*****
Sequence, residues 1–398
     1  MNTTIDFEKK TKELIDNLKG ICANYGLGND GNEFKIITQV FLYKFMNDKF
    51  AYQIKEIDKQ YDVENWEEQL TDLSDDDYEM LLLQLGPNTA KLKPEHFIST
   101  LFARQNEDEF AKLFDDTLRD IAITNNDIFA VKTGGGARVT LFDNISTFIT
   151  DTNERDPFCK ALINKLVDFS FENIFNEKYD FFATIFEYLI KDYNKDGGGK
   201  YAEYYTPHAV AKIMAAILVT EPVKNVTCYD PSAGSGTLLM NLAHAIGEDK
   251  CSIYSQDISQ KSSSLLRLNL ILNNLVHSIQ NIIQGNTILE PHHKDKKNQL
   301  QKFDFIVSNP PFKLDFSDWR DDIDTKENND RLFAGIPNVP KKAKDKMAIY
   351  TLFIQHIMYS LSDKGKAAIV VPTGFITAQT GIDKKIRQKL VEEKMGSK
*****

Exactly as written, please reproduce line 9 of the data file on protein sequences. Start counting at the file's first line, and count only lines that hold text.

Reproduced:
   351  TLFIQHIMYS LSDKGKAAIV VPTGFITAQT GIDKKIRQKL VEEKMGSK